Palestinian Authority sidelined in Hamas-Israel conflict

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RAMALLAH, West Bank — The hostilities in the Gaza Strip between Israel and Hamas have raised sympathy among many Palestinians for the Islamist militant group and elevated its status at the expense of the rival Palestinian Authority and its president, Mahmoud Abbas, observers say.

Abbas, who views himself as the leader of all Palestinians, has been sidelined as Hamas has taken center stage in the struggle against Israel and received a string of VIP visitors in Gaza, even as Israeli airstrikes continued to pound the Hamas-ruled strip.

Abbas has had no role in efforts to broker a cease-fire between Israel and Hamas. The violence, which has included rocket fire from Gaza into Israel, meantime, has overshadowed his efforts to gain nonmember observer state status for Palestinians at the United Nations.


TIMELINE: Israel-Gaza conflict

“The war on Gaza has left a big negative impact on the Palestinian Authority,” said Ghassan Khatib, a Palestinian political analyst.

The Gaza conflict “has marginalized [the Palestinian Authority’s] role and made them appear much less important than Hamas,” Khatib said. “There are big and critical things happening while the authority seems unable to do anything about it.”

Abbas’ Fatah movement — co-founded by the late Yasser Arafat — still has a level of international stature denied to Hamas, which seized control of the Gaza Strip from Fatah in 2007 after winning parliamentary elections the year before. Israel, the United States and the European Union classify Hamas as a terrorist organization.

PHOTOS: Israel-Gaza violence

Secretary of State Hillary Rodham Clinton, who arrived late Tuesday in Jerusalem, is expected to meet with Abbas on Wednesday.


But the conflict of the last week has seen Arab and Turkish ministers journeying to Gaza to speak with Hamas representatives. Even before the current conflict, the emir of Qatar, an influential figure in Arab politics, visited Gaza without stopping in the West Bank, sparking speculation about what the gesture signaled to Palestinians.

A key mediating role has fallen to Egyptian President Mohamed Morsi, who rose up from the ranks of the Islamist Muslim Brotherhood, Hamas’ parent organization. After years of facing official repression, the Brotherhood is pushing to increase its clout throughout the region.

Solidarity with Hamas was evident Tuesday in Ramallah at a funeral for Rushdi Tamimi, 28, who died Monday of wounds incurred when Israeli soldiers opened fire Saturday on a group of rock-throwing protesters, Palestinian authorities say. Dozens of uniformed Palestinian police officers were among those paying their respects to Tamimi, who was a member of the Palestinian police.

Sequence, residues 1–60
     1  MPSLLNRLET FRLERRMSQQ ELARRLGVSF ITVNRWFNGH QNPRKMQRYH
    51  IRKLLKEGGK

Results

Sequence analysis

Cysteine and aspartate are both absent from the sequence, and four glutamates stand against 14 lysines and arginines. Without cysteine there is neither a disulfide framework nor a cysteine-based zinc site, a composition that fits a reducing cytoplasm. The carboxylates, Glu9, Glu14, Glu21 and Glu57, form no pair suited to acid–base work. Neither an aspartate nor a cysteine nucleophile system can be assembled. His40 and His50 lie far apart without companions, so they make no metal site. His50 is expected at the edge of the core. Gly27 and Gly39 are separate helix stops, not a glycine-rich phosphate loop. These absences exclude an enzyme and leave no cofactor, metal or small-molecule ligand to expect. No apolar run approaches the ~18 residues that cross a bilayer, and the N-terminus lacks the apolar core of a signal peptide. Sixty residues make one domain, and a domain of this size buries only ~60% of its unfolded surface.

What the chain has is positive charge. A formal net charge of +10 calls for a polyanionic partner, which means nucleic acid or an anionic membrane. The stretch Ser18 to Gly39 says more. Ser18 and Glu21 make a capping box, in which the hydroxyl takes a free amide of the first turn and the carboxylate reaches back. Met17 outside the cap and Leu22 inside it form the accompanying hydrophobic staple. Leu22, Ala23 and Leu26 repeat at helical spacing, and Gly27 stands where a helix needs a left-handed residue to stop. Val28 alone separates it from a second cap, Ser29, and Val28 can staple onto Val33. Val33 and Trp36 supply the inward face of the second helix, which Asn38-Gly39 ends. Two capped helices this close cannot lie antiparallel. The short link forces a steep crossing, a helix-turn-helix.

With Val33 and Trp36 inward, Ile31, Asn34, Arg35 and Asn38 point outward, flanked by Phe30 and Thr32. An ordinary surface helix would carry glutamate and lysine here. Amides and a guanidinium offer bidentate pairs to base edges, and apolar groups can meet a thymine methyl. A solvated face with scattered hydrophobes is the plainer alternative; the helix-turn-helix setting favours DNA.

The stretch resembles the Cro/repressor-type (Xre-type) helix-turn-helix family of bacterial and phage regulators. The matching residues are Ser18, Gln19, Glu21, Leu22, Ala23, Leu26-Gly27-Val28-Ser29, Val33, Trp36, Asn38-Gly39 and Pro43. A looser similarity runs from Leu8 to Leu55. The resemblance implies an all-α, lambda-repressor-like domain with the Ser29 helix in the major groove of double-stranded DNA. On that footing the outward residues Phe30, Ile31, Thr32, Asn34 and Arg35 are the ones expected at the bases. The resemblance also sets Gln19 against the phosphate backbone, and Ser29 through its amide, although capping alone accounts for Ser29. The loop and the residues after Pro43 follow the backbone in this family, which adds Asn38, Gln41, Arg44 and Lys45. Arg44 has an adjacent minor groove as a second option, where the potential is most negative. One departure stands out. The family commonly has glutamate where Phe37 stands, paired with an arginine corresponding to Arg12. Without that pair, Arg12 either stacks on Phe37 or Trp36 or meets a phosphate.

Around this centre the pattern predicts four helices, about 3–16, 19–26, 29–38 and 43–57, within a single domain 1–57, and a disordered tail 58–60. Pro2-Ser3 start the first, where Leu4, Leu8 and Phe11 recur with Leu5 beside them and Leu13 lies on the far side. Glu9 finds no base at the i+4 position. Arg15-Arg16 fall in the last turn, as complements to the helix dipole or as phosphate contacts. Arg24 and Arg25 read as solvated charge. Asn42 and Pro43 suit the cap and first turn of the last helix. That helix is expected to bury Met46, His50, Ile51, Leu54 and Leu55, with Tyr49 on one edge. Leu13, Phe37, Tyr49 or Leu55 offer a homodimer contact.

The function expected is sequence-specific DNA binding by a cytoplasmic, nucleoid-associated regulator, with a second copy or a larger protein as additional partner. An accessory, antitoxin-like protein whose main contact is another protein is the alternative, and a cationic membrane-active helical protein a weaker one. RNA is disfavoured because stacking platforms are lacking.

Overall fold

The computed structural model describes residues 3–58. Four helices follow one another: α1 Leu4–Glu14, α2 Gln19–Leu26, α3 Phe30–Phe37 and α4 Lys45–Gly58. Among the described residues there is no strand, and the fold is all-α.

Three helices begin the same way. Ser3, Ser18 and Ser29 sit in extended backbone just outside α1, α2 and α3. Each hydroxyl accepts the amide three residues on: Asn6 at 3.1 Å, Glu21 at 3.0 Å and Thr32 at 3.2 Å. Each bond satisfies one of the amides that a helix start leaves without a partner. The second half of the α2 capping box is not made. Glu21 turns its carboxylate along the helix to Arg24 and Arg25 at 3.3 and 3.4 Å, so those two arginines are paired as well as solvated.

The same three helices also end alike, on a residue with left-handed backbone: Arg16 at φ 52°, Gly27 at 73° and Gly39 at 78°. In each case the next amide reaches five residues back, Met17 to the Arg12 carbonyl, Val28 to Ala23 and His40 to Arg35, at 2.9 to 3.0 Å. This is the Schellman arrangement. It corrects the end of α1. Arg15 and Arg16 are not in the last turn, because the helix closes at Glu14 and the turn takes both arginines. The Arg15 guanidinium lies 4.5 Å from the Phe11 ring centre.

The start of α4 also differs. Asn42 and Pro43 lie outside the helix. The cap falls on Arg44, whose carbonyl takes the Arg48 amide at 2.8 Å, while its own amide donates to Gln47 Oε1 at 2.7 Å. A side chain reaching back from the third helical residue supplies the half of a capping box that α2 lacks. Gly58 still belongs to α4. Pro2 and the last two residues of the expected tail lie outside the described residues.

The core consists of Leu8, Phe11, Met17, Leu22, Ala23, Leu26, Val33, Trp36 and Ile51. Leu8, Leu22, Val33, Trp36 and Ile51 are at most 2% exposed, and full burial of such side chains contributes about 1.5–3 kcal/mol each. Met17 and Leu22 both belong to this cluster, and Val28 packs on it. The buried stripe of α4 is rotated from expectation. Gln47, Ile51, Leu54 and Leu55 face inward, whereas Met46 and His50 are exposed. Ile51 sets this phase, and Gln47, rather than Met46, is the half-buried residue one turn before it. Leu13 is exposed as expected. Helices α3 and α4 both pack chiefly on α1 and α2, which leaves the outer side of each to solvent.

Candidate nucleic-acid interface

Some mourners also took part in a daily gathering in the center of Ramallah supportive of Gaza and opposed to the Israeli strikes. Such protests have been occurring throughout the West Bank, sometimes resulting in confrontations between demonstrators and Israeli soldiers firing tear gas and rubber bullets.

“We are all in this together,” said Faris Abdul Hameed, 23, of Ramallah, a new university graduate with a business degree who is still unemployed, a not-uncommon predicament in this marginalized community, where good job opportunities are scarce. “The Israeli strikes are targeting the entire Palestinian people and not just Hamas. This is a war against the Palestinian people and we should all stand together against it.”

Nida Samaan, 44, a homemaker, said she came to the demonstration because “I want to show support for the people in Gaza. Today Gaza and tomorrow Ramallah. If we do not do anything now, we will all become victims of the Israeli war machine.”


As they marched through the city streets, demonstrators called on Hamas to continue firing missiles at Israel, particularly Tel Aviv.

“Shoot, shoot, Qassam, your missiles on Tel Aviv,” yelled the crowd, calling on the Hamas military wing, Izzidin al Qassam, to continue the missile attacks on Israel.

In Israel, some officials have seemed to gloat over the diminished stature of Abbas.

“This whole affair clearly demonstrates Abu Mazen’s utter irrelevance,” Vice Prime Minister Moshe Yaalon told Israel Radio on Monday, using Abbas’ nickname.

Others, however, see a potentially disturbing trend should Hamas somehow eclipse the secular Palestinian Authority in the eyes of most Palestinians. While Hamas has pledged to work for Israel’s destruction, Abbas and the Palestinian Authority back a two-state solution, though talks with Israel have been stalled for years.

“Israel must think carefully if it really wants to diplomatically eliminate Abu Mazen,” Yossi Beilin, a lead architect of the Oslo peace accords with the Palestinians, said on Israeli television.

Retired Maj. Gen. Amram Mitzna voiced a similar warning, saying that new negotiations with Abbas were essential.


“Abu Mazen is irrelevant? Soon we will become irrelevant,” Mitzna told Israeli Radio. “If this move does not ultimately end with renewing the peace talks with Abu Mazen, we will yet find ourselves under attrition on several simultaneous fronts.”

Special correspondent Abukhater reported from Ramallah and Times staff writer McDonnell from Jerusalem. Batsheva Sobelman of The Times’ Jerusalem bureau contributed to this report.